Illegal migration in Bosnia and Herzegovina has reached critical levels, and the situation is bound to get worse since there is no coordination between the state and local government in the country regarding the matter, Interior Minister of the Una-Sana Canton Nermin Kljajic said, Nezavisne Novine daily reported on Monday.
“The Council of Ministers was formed two months ago, but there is still no serious response on how the Canton will be protected from illegal migration,” Kljajic said.
Una-Sana Canton, stretching along Bosnia’s northwest border with Croatia, has been hit the hardest by the migrant crisis. According to estimates from the Canton capital city of Bihac, there are currently about 5,000 illegal migrants in the region, 3,500 of whom are accommodated in reception centres. The rest are left to their own devices – those who can afford it are staying in private accommodation and the others found shelter in abandoned buildings in urban areas.
According to Kljajic, all four reception centres in the Canton have been filled to capacity for a long time, and the situation is reaching a boiling point since Bosnia does not have a consolidated migration management plan.
Canton’s Prime Minister, Mustafa Ruznic, said the cantonal government had proposed that the two reception centres in the area, Bira near Bihac and Miral in the border town of Velika Kladusa, be closed down, and that a larger transit centre be build outside residential areas, which would house all migrants. The Canton government had even proposed a location, but the state authorities have not looked into the initiative.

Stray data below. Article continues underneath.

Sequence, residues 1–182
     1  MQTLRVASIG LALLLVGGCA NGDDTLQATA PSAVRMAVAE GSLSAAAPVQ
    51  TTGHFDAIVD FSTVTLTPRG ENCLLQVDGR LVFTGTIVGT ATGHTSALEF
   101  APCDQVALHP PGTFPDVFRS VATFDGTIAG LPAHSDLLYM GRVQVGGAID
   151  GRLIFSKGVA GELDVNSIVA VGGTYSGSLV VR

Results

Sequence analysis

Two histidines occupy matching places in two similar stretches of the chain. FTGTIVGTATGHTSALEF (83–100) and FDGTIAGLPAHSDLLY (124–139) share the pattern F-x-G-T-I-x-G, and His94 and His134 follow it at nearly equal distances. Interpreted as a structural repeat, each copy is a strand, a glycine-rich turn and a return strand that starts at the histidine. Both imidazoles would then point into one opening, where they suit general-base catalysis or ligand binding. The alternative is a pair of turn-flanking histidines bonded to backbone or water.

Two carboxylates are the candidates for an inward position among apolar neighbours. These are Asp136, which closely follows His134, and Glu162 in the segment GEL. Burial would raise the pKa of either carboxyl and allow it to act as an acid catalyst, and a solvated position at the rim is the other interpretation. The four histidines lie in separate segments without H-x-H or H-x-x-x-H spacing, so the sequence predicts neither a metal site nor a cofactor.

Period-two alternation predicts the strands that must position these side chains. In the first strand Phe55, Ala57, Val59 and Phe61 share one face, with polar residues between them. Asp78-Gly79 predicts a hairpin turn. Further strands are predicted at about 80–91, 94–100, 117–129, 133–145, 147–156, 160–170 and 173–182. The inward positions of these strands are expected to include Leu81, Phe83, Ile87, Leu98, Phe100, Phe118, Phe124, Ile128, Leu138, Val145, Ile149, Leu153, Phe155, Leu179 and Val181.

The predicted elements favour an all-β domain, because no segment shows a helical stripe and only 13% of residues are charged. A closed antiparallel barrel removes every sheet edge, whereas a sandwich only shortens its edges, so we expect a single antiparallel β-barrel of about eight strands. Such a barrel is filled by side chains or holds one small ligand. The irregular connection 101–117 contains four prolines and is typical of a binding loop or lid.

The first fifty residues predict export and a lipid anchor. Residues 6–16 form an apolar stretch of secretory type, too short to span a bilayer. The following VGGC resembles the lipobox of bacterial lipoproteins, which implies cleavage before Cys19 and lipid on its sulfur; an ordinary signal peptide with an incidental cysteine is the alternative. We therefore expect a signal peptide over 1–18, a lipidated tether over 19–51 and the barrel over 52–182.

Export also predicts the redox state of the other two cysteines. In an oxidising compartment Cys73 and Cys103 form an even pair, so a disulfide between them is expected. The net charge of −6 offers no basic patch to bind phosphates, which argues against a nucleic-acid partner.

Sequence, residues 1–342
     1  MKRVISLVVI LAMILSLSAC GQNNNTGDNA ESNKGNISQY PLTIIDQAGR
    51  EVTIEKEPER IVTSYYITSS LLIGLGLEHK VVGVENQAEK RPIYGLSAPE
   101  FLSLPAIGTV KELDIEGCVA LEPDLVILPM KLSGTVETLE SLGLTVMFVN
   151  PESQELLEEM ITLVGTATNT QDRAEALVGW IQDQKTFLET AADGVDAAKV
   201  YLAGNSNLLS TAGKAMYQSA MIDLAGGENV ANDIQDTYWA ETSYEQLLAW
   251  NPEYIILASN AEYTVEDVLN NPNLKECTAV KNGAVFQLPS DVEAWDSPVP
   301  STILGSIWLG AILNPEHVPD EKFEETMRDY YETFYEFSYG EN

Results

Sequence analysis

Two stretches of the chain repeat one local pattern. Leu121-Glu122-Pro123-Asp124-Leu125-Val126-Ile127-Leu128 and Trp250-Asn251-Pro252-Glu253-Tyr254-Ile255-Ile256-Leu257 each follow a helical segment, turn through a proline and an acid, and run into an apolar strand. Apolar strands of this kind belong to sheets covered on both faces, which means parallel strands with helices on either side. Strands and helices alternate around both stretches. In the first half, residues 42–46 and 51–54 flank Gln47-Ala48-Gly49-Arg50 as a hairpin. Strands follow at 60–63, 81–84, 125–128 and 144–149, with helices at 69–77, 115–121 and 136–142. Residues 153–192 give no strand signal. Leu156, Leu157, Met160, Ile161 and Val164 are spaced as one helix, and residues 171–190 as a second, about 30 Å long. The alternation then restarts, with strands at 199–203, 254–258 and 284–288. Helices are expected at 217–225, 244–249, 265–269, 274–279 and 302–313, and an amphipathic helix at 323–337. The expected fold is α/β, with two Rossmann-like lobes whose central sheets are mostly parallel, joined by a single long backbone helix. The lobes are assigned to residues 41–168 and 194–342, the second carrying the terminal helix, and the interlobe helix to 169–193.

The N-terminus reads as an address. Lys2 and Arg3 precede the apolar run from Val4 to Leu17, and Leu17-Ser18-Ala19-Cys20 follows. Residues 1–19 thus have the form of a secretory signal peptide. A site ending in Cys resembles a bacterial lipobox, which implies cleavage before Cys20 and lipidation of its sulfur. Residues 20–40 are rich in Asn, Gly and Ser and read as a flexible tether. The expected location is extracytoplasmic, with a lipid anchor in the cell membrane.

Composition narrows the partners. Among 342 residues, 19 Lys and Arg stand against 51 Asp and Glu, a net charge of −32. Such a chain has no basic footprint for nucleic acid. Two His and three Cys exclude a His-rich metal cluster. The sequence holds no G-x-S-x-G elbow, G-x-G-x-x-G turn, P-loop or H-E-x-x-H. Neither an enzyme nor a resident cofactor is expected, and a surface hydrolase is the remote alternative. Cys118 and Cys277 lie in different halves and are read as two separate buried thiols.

On Saturday, Reuters reported that a few hundred migrants accommodated in the Miral reception centre tried to break out of the camp, which led to a brawl with the local police. Several people were detained, but no injuries were reported.
The migrants complained about the conditions and overcrowding in the centre, but they also accused the Croatian border police of brutality and violent pushbacks, claiming the Croatian police were robbing and beating them before illegally returning them back to Bosnia.
These accusations are a repeat earlier ones from not only migrants, but also humanitarian groups, international media, and even Bosnian authorities, who claimed that Croatia was returning migrants back to Bosnia illegally.
The Croatian police, however, has denied all claims of mistreatment and violent conduct.
A mild winter encouraged illegal migrants to continue moving along the so-called Balkan route towards Bosnia’s north-western border with Croatia, and from there onwards to western Europe, and the local police reported that at least 80 people arrive to the Una-Sana Canton every day, adding there was no room to accommodate them and no money to hire more officers.
In November last year, several hundred locals in Bihac staged a protest against the presence of migrants in their city, saying the government had abandoned them and they had to deal with the crisis themselves. The organiser of the protest, Sejo Ramic, said then that Bihac had been turned into a giant migrant centre and that the government, as well as the EU, were to blame for the situation.
Ruznic recently echoed Kljajic’s concerns as well, saying that there was fear in Bihac that the situation may escalate.
“The worst is yet to come,” Ruznic said.